Superfluidity on Neutron Matter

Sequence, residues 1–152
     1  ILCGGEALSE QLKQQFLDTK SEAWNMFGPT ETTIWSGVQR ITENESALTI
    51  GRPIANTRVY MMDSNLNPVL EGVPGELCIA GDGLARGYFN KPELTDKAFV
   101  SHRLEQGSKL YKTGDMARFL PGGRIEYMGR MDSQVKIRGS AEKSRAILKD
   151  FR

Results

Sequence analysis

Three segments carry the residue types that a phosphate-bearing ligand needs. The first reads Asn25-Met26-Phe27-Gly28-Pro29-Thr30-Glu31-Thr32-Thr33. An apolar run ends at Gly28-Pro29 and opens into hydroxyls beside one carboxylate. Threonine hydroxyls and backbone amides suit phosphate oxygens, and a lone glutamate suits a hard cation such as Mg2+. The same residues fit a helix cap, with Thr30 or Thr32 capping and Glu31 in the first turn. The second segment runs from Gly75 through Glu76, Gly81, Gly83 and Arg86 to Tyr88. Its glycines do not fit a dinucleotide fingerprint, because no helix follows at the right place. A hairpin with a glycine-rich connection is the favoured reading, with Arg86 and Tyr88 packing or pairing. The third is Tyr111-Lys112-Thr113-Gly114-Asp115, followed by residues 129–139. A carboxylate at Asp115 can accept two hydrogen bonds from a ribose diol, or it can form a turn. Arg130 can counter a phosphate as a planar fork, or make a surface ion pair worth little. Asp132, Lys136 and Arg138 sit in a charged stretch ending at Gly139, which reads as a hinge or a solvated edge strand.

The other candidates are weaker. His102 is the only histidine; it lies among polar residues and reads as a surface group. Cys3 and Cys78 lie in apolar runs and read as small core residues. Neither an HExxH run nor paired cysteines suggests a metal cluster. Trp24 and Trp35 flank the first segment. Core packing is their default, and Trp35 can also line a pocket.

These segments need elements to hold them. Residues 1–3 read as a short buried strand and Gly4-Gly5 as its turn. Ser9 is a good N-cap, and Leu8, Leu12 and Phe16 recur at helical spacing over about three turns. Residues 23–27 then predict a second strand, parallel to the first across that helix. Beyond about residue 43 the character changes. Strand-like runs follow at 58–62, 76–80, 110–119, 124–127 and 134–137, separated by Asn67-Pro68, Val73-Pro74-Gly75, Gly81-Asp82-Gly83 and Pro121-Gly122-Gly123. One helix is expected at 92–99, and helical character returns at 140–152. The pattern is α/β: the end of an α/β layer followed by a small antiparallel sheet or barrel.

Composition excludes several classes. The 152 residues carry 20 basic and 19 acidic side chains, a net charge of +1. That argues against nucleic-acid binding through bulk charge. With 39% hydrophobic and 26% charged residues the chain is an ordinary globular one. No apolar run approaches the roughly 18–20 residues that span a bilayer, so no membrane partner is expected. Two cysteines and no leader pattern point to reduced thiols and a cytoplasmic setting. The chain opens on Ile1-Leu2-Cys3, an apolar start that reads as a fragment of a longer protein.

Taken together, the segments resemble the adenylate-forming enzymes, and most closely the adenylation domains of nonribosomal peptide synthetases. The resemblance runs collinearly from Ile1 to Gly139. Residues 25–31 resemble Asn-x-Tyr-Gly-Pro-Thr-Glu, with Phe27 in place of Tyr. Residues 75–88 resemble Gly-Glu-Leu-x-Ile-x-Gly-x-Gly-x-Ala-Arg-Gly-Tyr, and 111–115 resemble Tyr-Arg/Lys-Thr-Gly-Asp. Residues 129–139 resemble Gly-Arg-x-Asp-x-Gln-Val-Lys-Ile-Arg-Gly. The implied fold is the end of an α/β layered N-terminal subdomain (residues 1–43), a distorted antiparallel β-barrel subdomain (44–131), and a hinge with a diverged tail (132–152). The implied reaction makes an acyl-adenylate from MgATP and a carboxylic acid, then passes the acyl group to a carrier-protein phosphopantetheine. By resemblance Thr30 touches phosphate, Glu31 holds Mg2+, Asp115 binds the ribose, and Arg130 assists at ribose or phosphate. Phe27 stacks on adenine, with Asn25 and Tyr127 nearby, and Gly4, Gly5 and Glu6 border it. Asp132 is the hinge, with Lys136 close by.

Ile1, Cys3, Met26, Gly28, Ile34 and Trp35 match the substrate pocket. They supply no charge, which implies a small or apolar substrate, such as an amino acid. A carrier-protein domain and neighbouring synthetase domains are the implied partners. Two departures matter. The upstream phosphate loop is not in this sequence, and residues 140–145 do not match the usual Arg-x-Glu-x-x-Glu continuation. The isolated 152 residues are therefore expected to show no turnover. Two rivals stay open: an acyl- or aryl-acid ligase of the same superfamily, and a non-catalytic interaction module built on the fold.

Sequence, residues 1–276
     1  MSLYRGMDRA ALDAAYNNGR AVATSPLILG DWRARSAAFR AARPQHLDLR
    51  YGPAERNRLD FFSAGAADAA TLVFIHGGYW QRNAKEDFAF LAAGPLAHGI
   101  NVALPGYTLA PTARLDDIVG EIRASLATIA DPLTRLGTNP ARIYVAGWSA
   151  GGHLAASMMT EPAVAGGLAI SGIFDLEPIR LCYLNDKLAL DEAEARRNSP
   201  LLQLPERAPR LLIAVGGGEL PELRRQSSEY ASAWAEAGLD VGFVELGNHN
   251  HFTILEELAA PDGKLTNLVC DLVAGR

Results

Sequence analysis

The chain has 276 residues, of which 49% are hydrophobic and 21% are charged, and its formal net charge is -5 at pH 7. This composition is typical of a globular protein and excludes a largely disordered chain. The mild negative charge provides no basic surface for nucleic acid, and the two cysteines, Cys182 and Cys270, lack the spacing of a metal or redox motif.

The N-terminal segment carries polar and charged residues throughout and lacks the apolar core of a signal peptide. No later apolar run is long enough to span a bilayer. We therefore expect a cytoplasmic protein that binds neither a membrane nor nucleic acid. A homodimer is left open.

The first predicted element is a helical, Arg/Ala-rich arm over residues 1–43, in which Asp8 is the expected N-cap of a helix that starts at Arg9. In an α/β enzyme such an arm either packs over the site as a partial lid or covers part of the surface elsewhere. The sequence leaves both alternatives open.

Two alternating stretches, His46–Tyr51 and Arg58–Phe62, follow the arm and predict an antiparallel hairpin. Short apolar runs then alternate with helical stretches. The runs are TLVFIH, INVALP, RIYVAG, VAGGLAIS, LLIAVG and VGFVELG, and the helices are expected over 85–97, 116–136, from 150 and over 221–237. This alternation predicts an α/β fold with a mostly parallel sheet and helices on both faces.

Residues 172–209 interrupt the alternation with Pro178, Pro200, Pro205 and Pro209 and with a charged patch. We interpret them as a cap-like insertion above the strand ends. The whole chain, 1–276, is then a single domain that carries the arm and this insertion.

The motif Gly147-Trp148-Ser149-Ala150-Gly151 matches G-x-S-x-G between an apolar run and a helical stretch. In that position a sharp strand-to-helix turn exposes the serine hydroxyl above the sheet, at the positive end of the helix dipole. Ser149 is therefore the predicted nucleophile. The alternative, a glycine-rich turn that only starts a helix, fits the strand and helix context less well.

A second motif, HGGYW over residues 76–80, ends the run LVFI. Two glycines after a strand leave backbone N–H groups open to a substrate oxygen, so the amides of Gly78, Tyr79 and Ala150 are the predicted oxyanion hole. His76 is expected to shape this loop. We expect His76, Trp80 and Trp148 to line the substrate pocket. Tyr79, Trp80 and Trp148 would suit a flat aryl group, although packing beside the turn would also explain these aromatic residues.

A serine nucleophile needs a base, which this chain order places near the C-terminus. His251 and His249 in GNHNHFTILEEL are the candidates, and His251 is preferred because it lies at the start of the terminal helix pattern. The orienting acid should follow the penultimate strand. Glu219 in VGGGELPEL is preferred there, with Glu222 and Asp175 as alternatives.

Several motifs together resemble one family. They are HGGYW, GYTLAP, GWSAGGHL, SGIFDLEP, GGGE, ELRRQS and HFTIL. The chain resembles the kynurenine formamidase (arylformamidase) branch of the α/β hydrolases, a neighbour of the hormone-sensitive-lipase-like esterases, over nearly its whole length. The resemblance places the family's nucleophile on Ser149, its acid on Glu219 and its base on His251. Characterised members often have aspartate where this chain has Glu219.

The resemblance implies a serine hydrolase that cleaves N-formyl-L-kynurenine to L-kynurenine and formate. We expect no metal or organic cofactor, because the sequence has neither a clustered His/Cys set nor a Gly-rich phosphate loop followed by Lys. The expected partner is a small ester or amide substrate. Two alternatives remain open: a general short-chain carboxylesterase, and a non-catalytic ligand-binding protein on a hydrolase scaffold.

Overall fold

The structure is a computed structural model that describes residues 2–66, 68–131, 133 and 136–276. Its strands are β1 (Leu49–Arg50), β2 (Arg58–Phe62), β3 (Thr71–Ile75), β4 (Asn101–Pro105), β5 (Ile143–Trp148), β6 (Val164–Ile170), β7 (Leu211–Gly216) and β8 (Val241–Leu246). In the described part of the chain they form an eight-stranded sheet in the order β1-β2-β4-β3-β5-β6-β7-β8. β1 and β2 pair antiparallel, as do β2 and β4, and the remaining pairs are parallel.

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Superﬂuidity in neutron star matter Facoltà di Scienze Matematiche, Fisiche e Naturali Corso di Laurea Magistrale in Fisica Candidato Giulia De Rosi Matricola 1217074 Relatore Prof. Omar Benhar Noccioli Anno Accademico 2012/2013 Superﬂuidity in neutron star matter Tesi di Laurea Magistrale. Sapienza – Università di Roma © 2013 Giulia De Rosi. Tutti i diritti riservati Questa tesi è stata composta con LATEX e la classe Sapthesis. Email dell’autore: [email protected] A mio nipote Diego “Qualunque cosa tu possa fare, qualunque sogno tu possa sognare, comincia. L’audacia reca in se genialità, magia e forza. Comincia ora” Johann Wolfgang Göethe v Contents Introduction 1 1 Neutron stars 3 1.1 Neutron star formation . .4 1.2 Neutron star structure . .6 2 Superﬂuidity, superconductivity and Cooper pairs 9 2.1 The electron-phonon interaction . 11 2.2 Origin of the gap and Cooper pairs . 14 3 Variational formulation of BCS theory 19 3.1 BCS theory without spin . 19 3.2 Variational Valatin-BCS theory . 24 3.3 BCS theory at ﬁnite temperature . 30 3.4 Predictions of the BCS theory . 32 4 Nuclear matter and nuclear forces 35 4.1 Empirical information on nuclei and nuclear matter . 35 4.2 Nuclear forces . 38 4.2.1 The two-nucleon system . 39 4.2.2 The three-nucleon system . 44 5 The CBF eﬀective interaction 47 5.1 Non-relativistic many-body theory . 47 5.1.1 Correlated basis function (CBF) formalism . 48 5.1.2 Cluster expansion formalism . 50 5.2 Derivation of the eﬀective interaction . 50 5.3 Binding energy per particle of nucleon matter . 52 6 Numerical results 55 1 6.1 Neutron-neutron interaction in the S0 channel . 55 6.2 Solution of the gap equation . 55 6.3 Momentum- and density-dependence of the superﬂuid gap . 59 Summary and perspectives 63 A Solution of the gap equation 65 vi Contents B Derivation of the one-pion-exchange potential 69 B.1 One-pion exchange scattering between two nucleons . 69 n C Properties of the operators Oij 73 C.1 Pauli matrices . 73 C.2 Projection operators . 73 C.3 Spin, isospin and exchange operators . 74 C.4 The tensor operator S12 ......................... 75 n≤6 C.5 Algebra of the six operators Oij ................... 76 C.6 Matrix elements of operators P2S+1 and Π2T +1 ............ 77 n≤6 C.7 Matrix elements of Oij ......................... 77 C.8 Change of representation . 79 Bibliography 81 Ringraziamenti 85 1 Introduction The description of the properties of neutron star matter requires the use of concepts and techniques belonging to diﬀerent ﬁelds of Physics [1]. For example, the study of the superﬂuid and superconducting transitions that are believed to take place inside the star, encompasses nuclear and particle Physics, as well as condensed matter Physics [2]. In neutron stars, both conditions for the occurrence of superﬂuidity in fermion systems, i.e. strong degeneracy and the existence of an attractive interaction between the constituents, are fulﬁlled. The onset of a superﬂuid (and/or superconducting) phase does not have a signiﬁcant impact on the equation of state, determining the equilibrium properties of the star, except in the very low density region of the crust. The condensation energy – i.e. the diﬀerence between the energies of the normal and superﬂuid states associated with the formation of Cooper pairs – is in fact negligible with respect to the typical energies of the normal phase. The main eﬀect of the superﬂuid transition is the appearance of a gap in the energy spectrum, in the vicinity of the Fermi surface. This leads to a strong reduction of the phase space available to particles undergoing scattering processes, which in turn results in a strong modiﬁcation of the neutrino emission, scattering and absorption rates and of the transport coeﬃcients, including the shear viscosity and thermal conductivity. As a consequence, a quantitative understanding of the superﬂuid phase is required to study both neutron star cooling and the stability of rotating stars, which is largely determined by dissipative processes. This Thesis is part of a broad project, aimed at developing a consistent des- cription of equilibrium and non equilibrium properties of neutron stars, based on a realistic model of nuclear dynamics at microscopic level. The main element of the proposed approach is an eﬀective nucleon-nucleon interaction, derived from a realistic phenomenological Hamiltonian – strongly constrained by the available data – within the formalism of Correlated Basis Function (CBF) [3, 4]. Unlike the bare nucleon-nucleon force, this interaction is well behaved at short distances, and can be used to carry out perturbative calculations in the basis of eigenstates of the non- interacting system. Previous applications of the CBF eﬀective interaction approach include the calculations of the shear viscosity and thermal conductivity coeﬃcients [3, 5, 6], as well as of the nuclear matter response to both charged- and neutral-current neutrino interactions [7, 8, 9]. We have used the same CBF eﬀective interaction to compute the superﬂuid gap of pure neutron matter, arising from the formation of Cooper pairs of neutrons in states of relative angular momentum ` = 0, in which the nuclear interaction is 2 Introduction attractive. In Chapter 1, we outline the process leading to the formation of neutron stars and summarize the present understanding of their structure. Chapter 2 is devoted to the discussion of the mechanism responsible for the formation of Cooper pairs, leading in turn to the appearance of a superconductive phase, while in Chapter 3 we describe the variational approach to superconductivity originally developed by Bardeen, Cooper and Schrieﬀer, that we have followed in our work. In Chapter 4 we analyze the main features of nuclear structure and dynamics, while in Chapter 5 we focus on the complexity of the nucleon-nucleon interaction and the diﬃculties associated with the solution of the nuclear many-body problem. Finally, in Chapter 6, we present our numerical results, including the momentum dependence of the solution of the gap equation, ∆(k), at ﬁxed density, as well as the density dependence of ∆(kF ), kF being the Fermi momentum. The calculations have been carried out for the case of pure neutron matter, focusing on Cooper pairs 1 of neutrons in the S0 state. Throughout this Thesis we always use a system of units in which ~ = h/2π = c = 1 where h is Planck’s constant and c is the speed of light. 3 Chapter 1 Neutron stars The study of neutron stars encompasses many diﬀerent ﬁelds of Theoretical Physics. The primary interest is obviously astrophysical, because a neutron star is one of the possible outcomes of stellar evolution. In addition, neutron stars are interesting from the gravitational point of view, as their non radial oscillations give rise to emission of gravitational waves, the frequencies and damping times of which depend on the internal structure of the star. The detection of a gravitational signal emitted by a neutron star may in fact provide valuable information on the properties of matter in a density regime not attainable by terrestrial experiments. In this context, a critical role is played by the development of theoretical models of neutron star matter capable to provide quantitative predictions of the gravitational emission. Finally, neutron stars are very interesting from the point of view of nuclear and particle physics: they can be regarded as atomic nuclei of macroscopic, indeed gigantic, size, that may undergo transitions to exotic states, associated with the appearance of strange baryons and deconﬁned quarks. Realistic models of neutron star matter, besides being based on an accurate description of nuclear dynamics, must take into account phenomena that are typical of condensed matter, such as the transition to a superﬂuid phase in fermion systems. The occurrence of a superﬂuid phase, the study of which is the subject of this work, leads to a sharp modiﬁcation of the viscous properties of neutron star matter, thus dramatically aﬀecting the onset of the so called Chandrasekhar instability [6]. In 1970, Chandrasekhar [10, 11] demonstrated that the emission of gravitational radiation from rotating stars may lead to instability. For a non-rotating star, the gravitational wave emission is purely dissipative and damps the oscillations. For a rotating star, on the other hand, there are two possibilities. If the oscillations propagates in the direction opposite to the star rotation, gravitational emission reduces the amplitude of the perturbation, in such a way as to conserve angular momentum. For a fast-rotating star, on the other hand, the oscillations are dragged to move in the same direction as the star rotation. In this case, conservation of angular momentum requires that the perturbation amplitude grow, thus leading to instability (Fig.1.1). Of particular relevance is the instability driven by the so called r-modes oscillations, the restoring force of which is the Coriolis force. Chandrasekhar discovery implies that, in the absence of viscosity, all rapidly rotating stars are bound to become unstable. As a consequence, the study of viscosity, 4 1. Neutron stars Gravitational Radiation Figure 1.1. Oscillation mode (solid line) rotates in the direction opposite to the star rotation (dashed line). If the oscillation is dragged to move in the direction of star rotation, gravitational wave emission lead to instability. and its modiﬁcations due to the onset of superﬂuidity, is of paramount importance for the determination of the stability of rotating neutron stars. Besides playing a critical role in driving the viscous properties of neutron star matter, superﬂuidity aﬀects both structure and dynamics of the star in many ways. For example, the appearance of the superﬂuid phase produces a change of the rotational period of a pulsar (a particular type of rotating neutron star), as well as a change of the neutrino emission rate, largely responsible for the cooling of the star.